After two seasons of historically low flu numbers, experts predict a severe 2022-2023 flu season. How did they make this prediction, and what can you do to prepare for it?
Past Flu Cases
The CDC estimates that there have been 9 to 41 million flu cases each year between 2010 and 2020. Flu activity was unusually low throughout the 2020-2021 and 2021-2022 seasons, likely due to COVID-19 mitigation measures such as face masks, staying home, hand washing, physical distancing, and more.
As lead author Angiezel Merced-Morales, MPH, and colleagues wrote in the July 2022 Morbidity and Mortality Weekly Report, “Since SARS-CoV-2 emerged in the United States in early 2020, influenza activity has been lower than that seen before the pandemic. The adoption of COVID-19-related mitigation measures might have had an impact on the timing or severity of influenza activity.”
2022-2023 Flu Season
The loosening of COVID-19 precautions is one factor in the prediction of a more severe 2022-2023 flu season. This is the first winter where COVID-19 restrictions have been almost completely lifted across the country. Additionally, many people haven’t been exposed to the flu in the past few years, which raises its risk.
The biggest indicator, however, lies in Australia. Australia is located in the southern hemisphere and thus experiences its flu season before the United States. In 2022, the country had the worst flu season in five years, with cases being three times higher than average. As William Schaffner, M.D., infectious disease specialist, explains, “Although what happens in the Southern hemisphere doesn’t always predict directly what will happen here, we are well advised to be prepared.”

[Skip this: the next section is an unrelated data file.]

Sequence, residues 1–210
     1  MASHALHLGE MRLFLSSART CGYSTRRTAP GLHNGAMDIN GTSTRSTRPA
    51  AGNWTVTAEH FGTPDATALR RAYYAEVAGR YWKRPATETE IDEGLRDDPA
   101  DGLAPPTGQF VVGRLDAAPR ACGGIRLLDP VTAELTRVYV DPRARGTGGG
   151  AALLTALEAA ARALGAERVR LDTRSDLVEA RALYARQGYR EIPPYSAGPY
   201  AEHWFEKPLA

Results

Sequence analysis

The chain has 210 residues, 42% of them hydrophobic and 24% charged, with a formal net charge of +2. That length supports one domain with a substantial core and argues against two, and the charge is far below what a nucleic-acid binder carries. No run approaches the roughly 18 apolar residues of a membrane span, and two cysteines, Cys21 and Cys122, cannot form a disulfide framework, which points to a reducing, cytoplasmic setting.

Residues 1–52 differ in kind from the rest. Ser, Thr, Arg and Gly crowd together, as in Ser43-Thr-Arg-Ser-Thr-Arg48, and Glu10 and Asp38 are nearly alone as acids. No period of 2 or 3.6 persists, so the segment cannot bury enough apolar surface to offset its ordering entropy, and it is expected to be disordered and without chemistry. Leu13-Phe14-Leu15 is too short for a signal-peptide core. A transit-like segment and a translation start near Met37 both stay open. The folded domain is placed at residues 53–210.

Additionally, Australia’s flu cases peaked about two months earlier than usual, alerting experts that the flu season could start in the United States sooner rather than later.
How to Prepare For This Flu Season
As with every flu season, the CDC recommends for everyone six months and older, with a few exceptions, to receive the annual flu vaccination. New this season is a preferential recommendation from the CDC for the use of higher dose and adjuvanted flu vaccines in people 65 and older.
For the majority of people who only need one dose, September and October are the most ideal times to get vaccinated, especially with the predicted early onslaught of the flu. While it’s recommended to get vaccinated by the end of October, the flu shot can still protect you during the peak of flu season if you receive it in November or December.
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